Allie Kurtz gave up a job in the movie industry to live her dream of working on the water, and when she landed a job as deckhand on a scuba diving boat, she was thrilled. She was on that boat, the Conception, when it caught fire and sank Monday off the Southern California coast, the only crew member among the 34 people trapped below deck as flames blocked their only way out, the AP reports. Friends from South America to Europe are mourning the 26-year-old, whose family said they will miss her lively, adventurous spirit but know she died doing what she loved most. "She wanted to go on the Conception so bad. She wanted to work that boat, and she was finally able to work that boat," her 20-year-old sister Olivia Kurtz told the AP. "She left this world doing something she absolutely loved. This was her dream, and she was finally able to fulfill this dream."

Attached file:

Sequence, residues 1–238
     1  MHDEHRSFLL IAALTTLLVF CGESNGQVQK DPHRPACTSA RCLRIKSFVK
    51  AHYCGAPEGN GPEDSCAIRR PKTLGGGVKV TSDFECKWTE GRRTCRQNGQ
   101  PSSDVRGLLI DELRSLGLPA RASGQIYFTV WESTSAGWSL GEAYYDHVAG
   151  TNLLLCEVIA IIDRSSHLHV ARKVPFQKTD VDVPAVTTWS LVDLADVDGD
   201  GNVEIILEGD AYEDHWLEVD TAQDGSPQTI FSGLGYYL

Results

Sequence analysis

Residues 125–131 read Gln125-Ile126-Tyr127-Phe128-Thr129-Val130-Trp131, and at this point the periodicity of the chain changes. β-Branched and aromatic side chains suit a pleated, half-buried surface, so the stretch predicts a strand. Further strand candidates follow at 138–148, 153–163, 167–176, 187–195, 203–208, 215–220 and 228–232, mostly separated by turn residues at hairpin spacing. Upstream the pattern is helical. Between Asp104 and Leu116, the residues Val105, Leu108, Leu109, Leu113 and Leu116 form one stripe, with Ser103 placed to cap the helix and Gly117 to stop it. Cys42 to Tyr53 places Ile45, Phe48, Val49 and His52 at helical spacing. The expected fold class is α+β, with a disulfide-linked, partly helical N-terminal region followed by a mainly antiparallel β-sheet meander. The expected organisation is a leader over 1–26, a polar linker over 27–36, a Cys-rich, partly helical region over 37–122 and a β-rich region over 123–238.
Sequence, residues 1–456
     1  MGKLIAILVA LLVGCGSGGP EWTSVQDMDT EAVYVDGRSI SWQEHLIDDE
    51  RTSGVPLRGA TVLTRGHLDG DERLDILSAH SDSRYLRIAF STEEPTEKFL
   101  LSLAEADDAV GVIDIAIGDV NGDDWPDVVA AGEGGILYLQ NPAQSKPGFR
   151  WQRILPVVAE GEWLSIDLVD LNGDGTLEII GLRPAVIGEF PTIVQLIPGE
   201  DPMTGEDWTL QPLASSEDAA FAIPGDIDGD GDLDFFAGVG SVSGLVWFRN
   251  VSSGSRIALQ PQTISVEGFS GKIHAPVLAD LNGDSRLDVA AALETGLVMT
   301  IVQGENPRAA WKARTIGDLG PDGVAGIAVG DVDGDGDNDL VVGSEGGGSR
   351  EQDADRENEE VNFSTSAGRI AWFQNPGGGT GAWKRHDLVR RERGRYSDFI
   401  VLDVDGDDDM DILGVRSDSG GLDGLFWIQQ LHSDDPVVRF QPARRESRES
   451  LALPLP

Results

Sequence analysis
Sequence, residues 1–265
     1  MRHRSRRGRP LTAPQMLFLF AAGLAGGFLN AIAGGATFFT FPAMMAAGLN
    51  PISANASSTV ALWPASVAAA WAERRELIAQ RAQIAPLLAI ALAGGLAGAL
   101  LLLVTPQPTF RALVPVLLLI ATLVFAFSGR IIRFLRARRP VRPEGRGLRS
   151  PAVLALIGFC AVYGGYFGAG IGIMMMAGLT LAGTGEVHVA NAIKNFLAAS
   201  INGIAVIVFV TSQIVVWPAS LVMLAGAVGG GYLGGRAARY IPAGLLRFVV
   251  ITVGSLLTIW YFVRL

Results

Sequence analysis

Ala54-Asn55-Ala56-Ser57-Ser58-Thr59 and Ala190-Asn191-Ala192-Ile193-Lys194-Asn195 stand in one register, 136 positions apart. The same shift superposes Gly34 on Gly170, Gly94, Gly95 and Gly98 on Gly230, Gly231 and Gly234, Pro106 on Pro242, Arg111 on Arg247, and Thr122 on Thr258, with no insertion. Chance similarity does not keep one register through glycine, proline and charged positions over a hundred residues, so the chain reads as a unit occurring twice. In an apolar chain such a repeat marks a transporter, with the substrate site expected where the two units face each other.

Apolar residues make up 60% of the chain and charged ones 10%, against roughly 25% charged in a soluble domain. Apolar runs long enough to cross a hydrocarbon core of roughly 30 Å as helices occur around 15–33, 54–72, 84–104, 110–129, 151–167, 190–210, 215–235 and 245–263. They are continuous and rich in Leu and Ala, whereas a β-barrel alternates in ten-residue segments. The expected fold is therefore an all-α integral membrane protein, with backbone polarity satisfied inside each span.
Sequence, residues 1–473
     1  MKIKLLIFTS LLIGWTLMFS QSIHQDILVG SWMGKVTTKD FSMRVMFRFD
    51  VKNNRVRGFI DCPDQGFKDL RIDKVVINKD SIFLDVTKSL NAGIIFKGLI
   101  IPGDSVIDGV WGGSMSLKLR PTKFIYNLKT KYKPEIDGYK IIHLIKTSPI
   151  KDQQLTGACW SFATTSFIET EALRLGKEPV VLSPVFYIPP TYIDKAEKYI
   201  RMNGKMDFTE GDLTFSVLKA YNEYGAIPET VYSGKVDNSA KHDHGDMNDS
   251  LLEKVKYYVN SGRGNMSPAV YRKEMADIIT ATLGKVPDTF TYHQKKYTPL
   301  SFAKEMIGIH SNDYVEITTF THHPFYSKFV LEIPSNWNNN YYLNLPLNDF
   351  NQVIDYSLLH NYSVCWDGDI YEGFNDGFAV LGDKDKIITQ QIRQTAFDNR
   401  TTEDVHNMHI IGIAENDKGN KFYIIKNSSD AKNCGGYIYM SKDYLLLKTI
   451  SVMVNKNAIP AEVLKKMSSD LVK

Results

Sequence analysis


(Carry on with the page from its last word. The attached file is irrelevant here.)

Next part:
Olivia Kurtz said she believes the crew typically had one person sleep below deck to help passengers. Her father, Robert, said he doesn't blame the diving company that gave his daughter the chance to pursue her dreams. "She's still in the seas," he said during an interview Wednesday in Santa Barbara. He said he hopes to scatter her ashes in the ocean from an earlier scuba boat she worked on. "She passed away doing what she loved." Passengers who knew her have been sending messages to her family saying how much she touched their lives during their travels. She also did volunteer work to help wounded sea lions, her family said, joking that she loved the water so much that she had gills and fins. "Her love was just always, always the water," her grandmother tells the AP. "She would joke, 'I am going to be a pirate one day.'" After recently obtaining an Australian work visa with the idea of traveling there to work during California's scuba diving offseason, she texted her grandmother and told her she had finally achieved her dream "of being a pirate," her grandma says. "She had so much life in her. So much everything."
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